I tiled the back splash in my kitchen. About a year ago I pulled off the fiber board that has been fulfilling that purpose for over 20 years, and I just hadn't found anyone to put up some pretty white tile yet. I had the tile, the grout, the was all sitting there on my porch taunting me. "DO ME, DO ME!" it said every time I walked by. 

My mother didn't think I could do it. You know how mothers can convey messages without uttering a word? It's all in the body language, and hers was shouting loud and clear: YOU DON'T KNOW HOW TO DO THAT!! YOU'VE NEVER DONE IT BEFORE! YOU'LL RUIN IT!!"  Some friends said they would do it, but everybody is busy with their own stuff and it just never got done.

So, when my mother left for an overnight trip, I cleared off the kitchen counters and I tiled and grouted and caulked the night (and half the next day) away. Yes, it was hard, especially the caulking for some reason, but I just tackled the job.  Because it needed to be done.

Maybe that's not on par with my past months of new experiences.....hookah bars and driving Zs and taking a dance lesson......but it WAS new to me, something I've never attempted before.

And nobody had to tell me I could do it.

Friday, May 20, 2011

Tick, tock.....

"Only 53 more days!"

"It's Wednesday! Only two more days until the weekend."

"Six months until my vacation!"

"10 minutes until quitting time...."

What about this minute, this hour, this day? While we're counting down the days--sometimes even the seconds--today is slipping away, unattended and unappreciated. And sadly, it can never be replaced.....ever. Trite, obvious, but seemingly an ignored concept by so many people. Maybe until we gain some years and realize what we're losing.

I used to be one of them. In one of my professional roles over the years, I taught middle school social studies. To say the kids were uninterested would be a gross understatement, but that fact wasn't unique to my class. Students today, especially if they are 13, have more pressing matters to concern themselves with, like hormonal surges that make them literally crazy for a few years. Or parental pressure to WIN at all costs, at everything they attempt, leaving no room for failure while learning something new. These children begin to see learning as dangerous to their well-being at home and to be avoided at all costs. Or on the flip side, they have parents who are MIA, either in body or spirit or both.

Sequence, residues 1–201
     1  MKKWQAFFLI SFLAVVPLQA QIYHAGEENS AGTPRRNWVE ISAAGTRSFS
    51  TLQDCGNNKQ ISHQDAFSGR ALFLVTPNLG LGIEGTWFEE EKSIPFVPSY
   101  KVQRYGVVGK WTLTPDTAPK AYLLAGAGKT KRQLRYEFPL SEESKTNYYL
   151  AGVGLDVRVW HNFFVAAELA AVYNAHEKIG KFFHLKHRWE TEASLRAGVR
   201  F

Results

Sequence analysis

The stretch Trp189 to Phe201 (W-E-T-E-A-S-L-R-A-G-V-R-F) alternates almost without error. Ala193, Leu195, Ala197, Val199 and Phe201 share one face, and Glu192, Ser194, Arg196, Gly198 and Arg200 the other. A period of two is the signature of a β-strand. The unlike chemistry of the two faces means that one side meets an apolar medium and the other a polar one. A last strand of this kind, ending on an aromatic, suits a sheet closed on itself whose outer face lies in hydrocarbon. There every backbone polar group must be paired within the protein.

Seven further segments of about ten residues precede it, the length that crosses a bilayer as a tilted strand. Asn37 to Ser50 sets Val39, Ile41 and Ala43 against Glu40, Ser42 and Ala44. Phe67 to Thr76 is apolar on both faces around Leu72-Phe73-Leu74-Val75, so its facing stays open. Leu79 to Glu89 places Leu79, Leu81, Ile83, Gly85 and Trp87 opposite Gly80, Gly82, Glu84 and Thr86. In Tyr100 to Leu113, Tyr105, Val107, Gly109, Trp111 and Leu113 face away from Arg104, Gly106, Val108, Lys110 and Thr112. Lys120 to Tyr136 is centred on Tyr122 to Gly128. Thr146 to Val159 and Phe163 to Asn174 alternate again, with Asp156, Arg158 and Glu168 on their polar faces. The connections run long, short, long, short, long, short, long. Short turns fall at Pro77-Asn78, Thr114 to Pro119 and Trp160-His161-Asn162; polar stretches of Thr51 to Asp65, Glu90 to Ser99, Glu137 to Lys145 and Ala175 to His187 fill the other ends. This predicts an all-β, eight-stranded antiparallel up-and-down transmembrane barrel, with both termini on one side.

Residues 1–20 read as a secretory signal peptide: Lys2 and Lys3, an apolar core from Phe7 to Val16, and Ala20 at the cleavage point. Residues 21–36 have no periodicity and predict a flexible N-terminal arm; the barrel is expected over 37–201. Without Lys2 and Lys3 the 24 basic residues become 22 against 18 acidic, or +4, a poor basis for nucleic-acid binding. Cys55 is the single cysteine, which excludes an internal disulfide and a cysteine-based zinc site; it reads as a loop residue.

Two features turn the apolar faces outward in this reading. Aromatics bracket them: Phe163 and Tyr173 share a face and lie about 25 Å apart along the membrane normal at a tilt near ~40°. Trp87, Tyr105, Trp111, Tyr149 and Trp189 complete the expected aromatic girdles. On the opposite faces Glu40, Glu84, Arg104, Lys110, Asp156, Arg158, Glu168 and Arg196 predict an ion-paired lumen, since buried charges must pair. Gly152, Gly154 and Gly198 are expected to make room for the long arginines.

"Why don't I have my homework? Well, my mom picked me up for the weekend, then on Sunday night got into a fist fight with my dad when he came late to get me. My homework is still at her house, left behind when I had to sneak out the window in a hurry to get away. My clothes for PE are still there in her washing machine, too."  Paul Revere and his midnight ride aren't of much interest to this child stuck in the middle of his parents' war.

I enjoyed teaching in spite of all this for about 11 years. Then the pressures began to wear me down, day by day, hour by hour, minute by crawling minute. As I rounded the curved driveway leading to the school every morning, the pressure turned to dread and then to near panic, a fist curled in my stomach just waiting to punch its way out. I figured out how many years I would have to endure before I could retire with whatever benefits would be left by that time. My stomach roiled. My heart pounded as I unlocked my classroom door each morning.

I watched other people around me--not all, but many--look at their watches dozens of times each day, like they had it all calculated until they could pack it in and leave for the last time. I commiserated with them in the faculty lounge: Only 10 days until spring break. Only 3 months until summer. Only 2 days until Friday. 3 hours until I can go home. There were others who made it to 3 weeks until full retirement and then dropped dead, the "prize" there in sight. Others finally got to pack up the new RV and begin all the traveling they had worked 30 years for but were stilled by a stroke on the way down the driveway. All those years of counting the hours and it was all for nothing anyway.